Quote:>I am trying to install red-hat linux in a dual boot setup on a
>486-DX2/66 with a 3.2gig HDD. 1.2gig of this is as=yet unpartitioned,
>and so would be suitable for linux. Being an older computer, it requires
>the Quantum Dynamic Boot Loader to run before the OS, as the BIOS does
>support LBA. How can I do this? I need to be able to choose between
>linux and windows at startup, however I have heard that you can install
>lilo onto a floppy, but this is not my preferred option.
DON'T! Don't use any clever booting software. Just be aware that if you
use DOS/Win3.x then you are restricted to the first 500Mb. But seeing as
you've already got stuff installed, then this might not be feasible :-(
>Just to clarify a few things:
>- I cannot get a bios update, as the bios has been totally de-branded,
>and the company it was purchased from does not supply upgrades.
>- Replacing the motherboard is not a possibility, as it has the FDD,IDE,
>Graphics, and Ports controllers as part of the board, and the case only
>supports this board anyway.
>- Replacing the whole PC is not a possibility for now, anyway.
Put linux in the mbr. Create a 1Mb or so partition for all your linux
boot files (basically the /boot directory most installs create). Create
a partition within the first 1024 cylinders for Windows (I'd be inclined
to give it everything left up to cylinder 1023).
Linux is not affected by the 1024 cylinder problem, it's just that if
you ignore it you may suddenly find that the BIOS can't find your linux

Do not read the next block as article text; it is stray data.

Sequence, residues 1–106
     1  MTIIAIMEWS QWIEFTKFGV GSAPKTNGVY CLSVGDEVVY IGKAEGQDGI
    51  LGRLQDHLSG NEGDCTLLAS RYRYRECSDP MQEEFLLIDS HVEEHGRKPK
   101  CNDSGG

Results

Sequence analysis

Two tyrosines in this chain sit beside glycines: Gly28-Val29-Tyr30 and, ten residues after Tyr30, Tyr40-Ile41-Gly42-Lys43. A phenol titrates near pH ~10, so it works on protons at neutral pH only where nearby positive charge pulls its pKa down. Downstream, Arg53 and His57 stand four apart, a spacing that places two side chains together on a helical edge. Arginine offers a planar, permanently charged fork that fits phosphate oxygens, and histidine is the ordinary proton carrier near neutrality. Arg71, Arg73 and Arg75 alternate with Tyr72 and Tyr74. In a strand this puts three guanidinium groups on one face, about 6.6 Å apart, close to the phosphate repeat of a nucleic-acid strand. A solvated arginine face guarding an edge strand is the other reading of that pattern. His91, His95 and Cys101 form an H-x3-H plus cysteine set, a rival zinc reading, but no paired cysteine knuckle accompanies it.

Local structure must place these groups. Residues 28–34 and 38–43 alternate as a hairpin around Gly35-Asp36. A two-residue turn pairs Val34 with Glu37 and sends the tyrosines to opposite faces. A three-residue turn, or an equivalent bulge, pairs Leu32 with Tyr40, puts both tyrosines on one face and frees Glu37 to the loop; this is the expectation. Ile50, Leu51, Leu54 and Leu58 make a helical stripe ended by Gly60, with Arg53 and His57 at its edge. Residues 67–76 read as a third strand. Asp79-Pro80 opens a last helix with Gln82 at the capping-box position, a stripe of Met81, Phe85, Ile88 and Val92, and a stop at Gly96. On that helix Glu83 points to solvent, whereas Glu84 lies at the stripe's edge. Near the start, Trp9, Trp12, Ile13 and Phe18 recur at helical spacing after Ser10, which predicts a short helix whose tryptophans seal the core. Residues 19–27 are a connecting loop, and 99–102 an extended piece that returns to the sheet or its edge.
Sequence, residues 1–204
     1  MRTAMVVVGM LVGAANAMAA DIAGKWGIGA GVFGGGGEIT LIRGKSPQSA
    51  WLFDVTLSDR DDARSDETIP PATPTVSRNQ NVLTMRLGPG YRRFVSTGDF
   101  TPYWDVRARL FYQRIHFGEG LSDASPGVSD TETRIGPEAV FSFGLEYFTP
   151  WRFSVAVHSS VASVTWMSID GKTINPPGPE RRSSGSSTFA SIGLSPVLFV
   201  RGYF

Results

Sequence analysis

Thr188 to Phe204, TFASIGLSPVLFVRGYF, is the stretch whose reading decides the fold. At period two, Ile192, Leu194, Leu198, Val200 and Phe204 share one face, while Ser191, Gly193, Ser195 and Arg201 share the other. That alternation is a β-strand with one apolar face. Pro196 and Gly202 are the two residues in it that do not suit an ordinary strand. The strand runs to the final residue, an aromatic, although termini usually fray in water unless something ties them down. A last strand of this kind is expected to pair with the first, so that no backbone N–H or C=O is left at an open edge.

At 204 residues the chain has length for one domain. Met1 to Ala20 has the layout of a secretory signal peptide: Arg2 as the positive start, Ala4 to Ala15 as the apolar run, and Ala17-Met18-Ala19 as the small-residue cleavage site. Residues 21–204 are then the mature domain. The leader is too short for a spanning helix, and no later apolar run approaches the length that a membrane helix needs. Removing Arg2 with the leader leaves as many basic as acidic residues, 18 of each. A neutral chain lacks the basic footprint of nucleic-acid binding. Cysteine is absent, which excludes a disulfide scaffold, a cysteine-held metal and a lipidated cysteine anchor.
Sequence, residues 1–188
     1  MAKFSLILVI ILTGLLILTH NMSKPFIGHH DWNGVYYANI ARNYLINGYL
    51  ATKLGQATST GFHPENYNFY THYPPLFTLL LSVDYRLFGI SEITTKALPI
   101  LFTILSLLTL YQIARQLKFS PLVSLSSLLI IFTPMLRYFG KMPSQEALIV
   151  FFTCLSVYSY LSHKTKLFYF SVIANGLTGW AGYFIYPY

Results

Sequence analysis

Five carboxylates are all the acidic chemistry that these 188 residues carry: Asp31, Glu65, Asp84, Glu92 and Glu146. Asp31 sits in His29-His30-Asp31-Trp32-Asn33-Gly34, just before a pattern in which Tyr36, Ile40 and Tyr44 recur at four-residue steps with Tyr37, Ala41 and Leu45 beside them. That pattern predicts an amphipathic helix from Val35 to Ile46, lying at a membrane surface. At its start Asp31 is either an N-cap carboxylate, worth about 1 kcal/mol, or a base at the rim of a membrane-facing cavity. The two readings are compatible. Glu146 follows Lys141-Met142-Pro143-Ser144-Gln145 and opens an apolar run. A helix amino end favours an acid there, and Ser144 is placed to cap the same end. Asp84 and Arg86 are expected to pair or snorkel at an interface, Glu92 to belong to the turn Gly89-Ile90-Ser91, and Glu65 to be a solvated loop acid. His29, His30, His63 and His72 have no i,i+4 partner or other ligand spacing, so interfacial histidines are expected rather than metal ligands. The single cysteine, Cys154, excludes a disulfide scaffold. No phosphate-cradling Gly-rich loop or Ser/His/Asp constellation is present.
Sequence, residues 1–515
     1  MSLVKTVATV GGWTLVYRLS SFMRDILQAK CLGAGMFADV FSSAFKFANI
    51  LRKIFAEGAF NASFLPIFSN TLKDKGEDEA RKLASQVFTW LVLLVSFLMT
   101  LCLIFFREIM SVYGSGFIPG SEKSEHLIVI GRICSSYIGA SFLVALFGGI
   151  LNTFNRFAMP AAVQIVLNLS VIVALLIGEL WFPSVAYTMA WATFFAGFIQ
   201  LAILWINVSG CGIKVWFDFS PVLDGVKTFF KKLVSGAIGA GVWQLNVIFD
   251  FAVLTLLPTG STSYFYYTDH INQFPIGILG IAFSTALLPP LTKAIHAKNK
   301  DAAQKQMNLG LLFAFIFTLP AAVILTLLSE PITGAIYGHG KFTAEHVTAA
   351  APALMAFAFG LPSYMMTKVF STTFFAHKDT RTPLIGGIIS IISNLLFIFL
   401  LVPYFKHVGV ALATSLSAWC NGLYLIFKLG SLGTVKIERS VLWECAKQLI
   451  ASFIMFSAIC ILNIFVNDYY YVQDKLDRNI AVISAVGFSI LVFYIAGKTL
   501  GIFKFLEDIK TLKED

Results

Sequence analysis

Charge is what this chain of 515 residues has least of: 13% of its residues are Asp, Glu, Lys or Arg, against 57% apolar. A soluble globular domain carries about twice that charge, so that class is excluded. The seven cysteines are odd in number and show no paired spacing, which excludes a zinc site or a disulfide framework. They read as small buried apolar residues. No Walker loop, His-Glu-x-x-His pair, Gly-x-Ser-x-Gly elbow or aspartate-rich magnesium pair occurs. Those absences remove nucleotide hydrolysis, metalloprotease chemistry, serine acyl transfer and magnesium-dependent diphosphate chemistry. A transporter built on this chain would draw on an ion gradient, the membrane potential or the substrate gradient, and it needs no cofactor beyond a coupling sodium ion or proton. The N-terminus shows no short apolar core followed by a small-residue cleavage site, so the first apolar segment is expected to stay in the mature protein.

start-up code. The same is true for Windows 95.
So, your linux and Win95 startup partition must be below the 1024 limit.
As must any partitions that will be accessed from DOS/Win3.xx. That's
all you need to worry about. But as somebody who has tried to fix the
mess left by special boot software (which was installed with an LBA
capable motherboard :-( it can be an ABSOLUTE B****Y NIGHTMARE if
anything (like a virus) goes wrong.
Incidentally, it might be an idea to have hda1 for dos, and then make
your linux boot partition an extended fat, eg hda5. That way you can put
loadlin and everything there, so it's accessible for a normal linux
boot, and also for a loadlin linux boot from dos.
But if you can't completely revamp your drive, you may well find that
the linux install recognises your extended disk manager. Just MAKE SURE
you take a backup of the boot sector - if you ever get a bootsector
virus you will probably have a nightmare recovering :-(
Anthony W. Youngman - wol at thewolery dot demon dot co dot uk
Trousers with a single hole in their waistband are topologically equivalent
to a doughnut. These sugarcoated trousers have yet to catch on at fast-food
outlets! (SuperStrings by F. David Peat)
If replying by e-mail please mail wol. Anything else may get missed amongst